Identification of market adulterants in East Indian sandalwood using DNA barcoding
- 311 Downloads
East Indian sandalwood (Santalum album L.) in commercial markets is highly prone to adulteration. A number of cases were registered with regard to the adulteration of East Indian sandalwood, but the lack of technical tools for the precise species identification of the source wood stalled most of the court cases.
The standard DNA barcode regions, the rbcL, matK and trnH-psbA chloroplast genomic sequences recommended by the Consortium of Barcode of Life (COBOL) were analysed to distinguish wood adulterants of East Indian sandalwood.
Standard polymerase chain reactions with COBOL recommended primers were performed for all three barcode loci. The PCR products after gel elution were sequenced and alignments were performed using CLUSTALX.
Single nucleotide polymorphisms (SNPs) identified with rbcL and trnH-psbA sequences of Erythroxylum monogynum Roxb. as well as with matK sequences of Osyris wightiana Wall ex. Wight could be efficiently utilized for the detection/monitoring of East Indian sandalwood adulterants. Among the two common adulterants O. wightiana and E. monogynum, the former was more similar to S. album and grouped together in the dendrogram.
The study recommends the exploitation of DNA barcoding technique using standard barcodes to trace sandalwood timber adulterants.
KeywordsSantalum album Adulterants DNA barcoding Single nucleotide polymorphisms (SNPs)
We are grateful to the Kerala Forest Department (KFD) for permission to collect the samples. We would also like to thank the anonymous reviewers for helpful suggestions and comments on the manuscript.
The study was funded by Kerala State Council for Science, Technology and Environment (KSCSTE), Govt. of Kerala, India.
- Ananthapadmanabha HS (2012) Expert sandalwood marketing report, TFS sandalwood project report, pp 69–71Google Scholar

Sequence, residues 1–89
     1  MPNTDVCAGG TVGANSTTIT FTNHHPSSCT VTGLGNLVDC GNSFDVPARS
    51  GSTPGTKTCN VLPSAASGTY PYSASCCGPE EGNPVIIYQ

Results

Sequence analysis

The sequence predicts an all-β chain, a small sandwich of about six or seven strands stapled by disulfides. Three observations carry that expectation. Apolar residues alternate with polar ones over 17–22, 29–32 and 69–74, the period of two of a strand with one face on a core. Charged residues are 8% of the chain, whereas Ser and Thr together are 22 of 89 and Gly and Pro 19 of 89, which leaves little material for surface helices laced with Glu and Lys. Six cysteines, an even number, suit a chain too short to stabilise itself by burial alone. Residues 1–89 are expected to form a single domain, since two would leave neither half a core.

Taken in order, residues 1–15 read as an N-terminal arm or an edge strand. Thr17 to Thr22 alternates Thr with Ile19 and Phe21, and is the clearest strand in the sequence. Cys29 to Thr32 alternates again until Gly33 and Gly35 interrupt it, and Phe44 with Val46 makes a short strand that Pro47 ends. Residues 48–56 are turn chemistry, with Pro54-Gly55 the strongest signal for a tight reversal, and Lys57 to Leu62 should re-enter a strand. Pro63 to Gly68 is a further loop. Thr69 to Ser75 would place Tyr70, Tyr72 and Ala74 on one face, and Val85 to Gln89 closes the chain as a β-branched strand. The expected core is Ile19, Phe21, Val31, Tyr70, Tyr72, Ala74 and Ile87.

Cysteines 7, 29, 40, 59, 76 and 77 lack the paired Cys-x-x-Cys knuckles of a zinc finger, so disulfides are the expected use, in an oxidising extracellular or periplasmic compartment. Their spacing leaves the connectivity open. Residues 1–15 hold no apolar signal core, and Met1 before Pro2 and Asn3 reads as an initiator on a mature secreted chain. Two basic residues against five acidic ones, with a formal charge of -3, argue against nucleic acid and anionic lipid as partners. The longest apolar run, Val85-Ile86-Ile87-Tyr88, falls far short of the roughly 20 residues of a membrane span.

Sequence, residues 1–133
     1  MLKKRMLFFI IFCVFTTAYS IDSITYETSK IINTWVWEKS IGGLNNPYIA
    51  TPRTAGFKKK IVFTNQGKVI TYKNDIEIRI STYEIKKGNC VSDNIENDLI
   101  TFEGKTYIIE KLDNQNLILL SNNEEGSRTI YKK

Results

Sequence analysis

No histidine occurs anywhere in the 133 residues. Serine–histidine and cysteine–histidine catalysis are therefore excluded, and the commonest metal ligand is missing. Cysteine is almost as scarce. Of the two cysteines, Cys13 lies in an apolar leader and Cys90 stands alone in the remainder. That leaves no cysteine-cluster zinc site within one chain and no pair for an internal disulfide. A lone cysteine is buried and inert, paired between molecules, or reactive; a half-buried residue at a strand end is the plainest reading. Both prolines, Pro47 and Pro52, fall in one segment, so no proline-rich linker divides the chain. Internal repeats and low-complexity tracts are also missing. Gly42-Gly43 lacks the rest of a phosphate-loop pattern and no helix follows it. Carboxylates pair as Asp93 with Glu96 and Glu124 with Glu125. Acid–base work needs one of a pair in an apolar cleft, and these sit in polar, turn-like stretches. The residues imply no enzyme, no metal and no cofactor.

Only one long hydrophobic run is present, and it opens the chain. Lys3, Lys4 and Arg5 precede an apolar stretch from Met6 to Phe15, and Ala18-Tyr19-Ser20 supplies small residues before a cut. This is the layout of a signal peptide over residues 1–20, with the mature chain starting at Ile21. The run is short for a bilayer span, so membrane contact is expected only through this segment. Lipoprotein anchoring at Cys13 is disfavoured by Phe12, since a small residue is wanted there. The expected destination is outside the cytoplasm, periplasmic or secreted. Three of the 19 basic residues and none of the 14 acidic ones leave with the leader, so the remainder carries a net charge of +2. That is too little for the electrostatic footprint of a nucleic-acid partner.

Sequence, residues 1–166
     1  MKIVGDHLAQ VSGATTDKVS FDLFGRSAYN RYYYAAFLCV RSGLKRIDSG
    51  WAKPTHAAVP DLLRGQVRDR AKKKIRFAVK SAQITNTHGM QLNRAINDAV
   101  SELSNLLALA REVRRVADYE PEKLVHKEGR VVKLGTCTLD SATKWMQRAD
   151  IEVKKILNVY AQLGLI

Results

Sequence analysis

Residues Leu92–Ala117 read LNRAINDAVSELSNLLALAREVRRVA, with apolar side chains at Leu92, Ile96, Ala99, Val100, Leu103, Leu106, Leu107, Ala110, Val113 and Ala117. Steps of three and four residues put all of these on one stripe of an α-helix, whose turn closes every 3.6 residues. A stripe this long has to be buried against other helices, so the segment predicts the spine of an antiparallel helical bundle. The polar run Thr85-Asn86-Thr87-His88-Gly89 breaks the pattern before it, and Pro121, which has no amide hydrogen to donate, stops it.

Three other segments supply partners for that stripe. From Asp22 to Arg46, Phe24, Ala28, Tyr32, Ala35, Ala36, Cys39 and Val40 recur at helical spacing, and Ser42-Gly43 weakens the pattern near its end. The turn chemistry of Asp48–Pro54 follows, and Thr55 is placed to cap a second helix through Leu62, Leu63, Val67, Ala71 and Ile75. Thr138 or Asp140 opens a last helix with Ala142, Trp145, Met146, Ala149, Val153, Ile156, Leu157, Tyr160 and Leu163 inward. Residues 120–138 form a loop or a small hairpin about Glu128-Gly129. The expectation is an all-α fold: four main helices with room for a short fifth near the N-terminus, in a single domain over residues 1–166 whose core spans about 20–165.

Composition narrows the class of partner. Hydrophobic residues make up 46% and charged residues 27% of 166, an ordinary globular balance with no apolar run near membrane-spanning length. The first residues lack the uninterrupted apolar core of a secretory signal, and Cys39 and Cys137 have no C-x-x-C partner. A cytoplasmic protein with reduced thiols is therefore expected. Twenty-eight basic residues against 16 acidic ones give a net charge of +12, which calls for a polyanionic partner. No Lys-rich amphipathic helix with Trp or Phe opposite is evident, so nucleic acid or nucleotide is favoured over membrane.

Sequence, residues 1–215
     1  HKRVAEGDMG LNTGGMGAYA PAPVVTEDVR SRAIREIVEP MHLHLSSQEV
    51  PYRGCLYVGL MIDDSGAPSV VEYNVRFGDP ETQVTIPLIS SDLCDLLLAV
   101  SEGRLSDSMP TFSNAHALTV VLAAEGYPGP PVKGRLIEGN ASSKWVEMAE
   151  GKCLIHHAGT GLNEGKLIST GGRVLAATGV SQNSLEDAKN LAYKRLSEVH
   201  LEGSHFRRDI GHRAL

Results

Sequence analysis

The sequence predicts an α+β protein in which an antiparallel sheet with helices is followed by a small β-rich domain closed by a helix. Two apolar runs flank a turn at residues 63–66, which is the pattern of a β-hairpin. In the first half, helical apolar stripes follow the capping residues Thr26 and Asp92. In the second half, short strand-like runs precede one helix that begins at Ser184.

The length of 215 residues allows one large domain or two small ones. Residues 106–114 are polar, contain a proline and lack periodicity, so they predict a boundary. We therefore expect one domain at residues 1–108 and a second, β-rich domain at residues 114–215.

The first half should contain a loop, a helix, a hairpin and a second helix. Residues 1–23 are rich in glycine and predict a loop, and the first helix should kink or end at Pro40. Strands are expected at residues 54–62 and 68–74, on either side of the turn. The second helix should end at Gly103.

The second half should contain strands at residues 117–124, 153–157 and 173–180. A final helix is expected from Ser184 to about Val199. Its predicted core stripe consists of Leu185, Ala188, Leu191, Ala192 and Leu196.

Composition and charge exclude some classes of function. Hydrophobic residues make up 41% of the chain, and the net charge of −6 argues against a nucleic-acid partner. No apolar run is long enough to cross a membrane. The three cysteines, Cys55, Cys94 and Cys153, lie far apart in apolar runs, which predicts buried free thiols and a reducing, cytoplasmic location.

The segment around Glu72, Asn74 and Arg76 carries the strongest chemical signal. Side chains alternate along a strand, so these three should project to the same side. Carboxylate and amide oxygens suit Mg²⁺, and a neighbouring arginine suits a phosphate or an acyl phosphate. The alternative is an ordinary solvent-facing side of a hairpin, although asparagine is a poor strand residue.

- Anupama C, Balasundaran M, Sujanapal P (2012) Phylogenetic relationships of Santalum album and its adulterants as inferred from nuclear DNA sequences. Int J Agric For 2:150–156Google Scholar
- Bhat KV, Balasundaran M, Balagopalan M (2006) Identification of Santalum album and Osyris lanceolata through morphological and biochemical characteristics and molecular markers to check adulteration. KFRI Res Rep 307:22pGoogle Scholar
- Boner M, Sommer T, Erven C, Forstel H (2007) Stable isotopes as a tool to trace back the origin of wood. In: Proceedings of the international workshop, Fingerprinting methods for the identification of timber origins, October 8-9, Bonn/Germany, pp 47–57Google Scholar
- Costion C, Ford A, Cross H (2011) Plant DNA barcodes can accurately estimate species richness in poorly known floras. PLoS ONE 6: E26841. www.plosone.org
- Degen B, Fladung, M (2008) Use of DNA-markers for tracing illegal logging. In: Degen B (ed) Proceedings of the international workshop “Fingerprinting methods for the identification of timber origins” October 8–9, Landbauforschung, VTI Agriculture and Forestry Research, Sonderheft 321, Germany, pp 6–14Google Scholar
- Fuji T (2007) Outline of the research project »Methods to identify wood species and origin of timber of Southeast Asia. Proceedings of the international symposium on development of improved methods to identify Shorea species wood and its origin, 19Google Scholar
- Hall TA (1999) A user friendly biological sequence alignment editor and analysis program for Windows 95/98/NT. Nucleic Acid Symp Ser 41:95–98Google Scholar
- Hewson HJ, George AS (1984) Santalaceae. In: George AS (ed) Flora of Australia. Australian Government Publishing Service, Canberra, pp 29–67Google Scholar
- IUCN (2009) IUCN Red List of Threatened Species. Version 2009.1, www.iucnredlist.org
- Lowe AJ, Cross HB (2011) The application of DNA to timber tracking and origin verification. J Int Assoc Wood Anatomists 32:251–262Google Scholar
- Lowe AJ, Wong KN, Tiong TS (2010) A DNA method to verify the integrity of timber supply chains, confirming the legal sourcing of Merbau timber from logging concession to sawmill. Silvae Genet 59:263–268Google Scholar
- Oyen LPA, Dung NX (1999) Plant resources of south-east Asia No. 19, Essential-oil plants, Backhuys, Leiden, the Netherlands, 1999Google Scholar
- Page T, Tate H, Bunt C, Potrawiak A, Berry A (2012) Opportunities for the smallholder sandalwood industry in Vanuatu. ACIAR Technical Reports No 79 Australian Centre for International Agricultural Research, Canberra. 67 pGoogle Scholar
- Srimathi RA, Kulkarni HD, Ventkatesan K (1995) Recent advances in research and management of sandal (Santalum album L.) in India. Associated publishing Co, New Delhi, 1995Google Scholar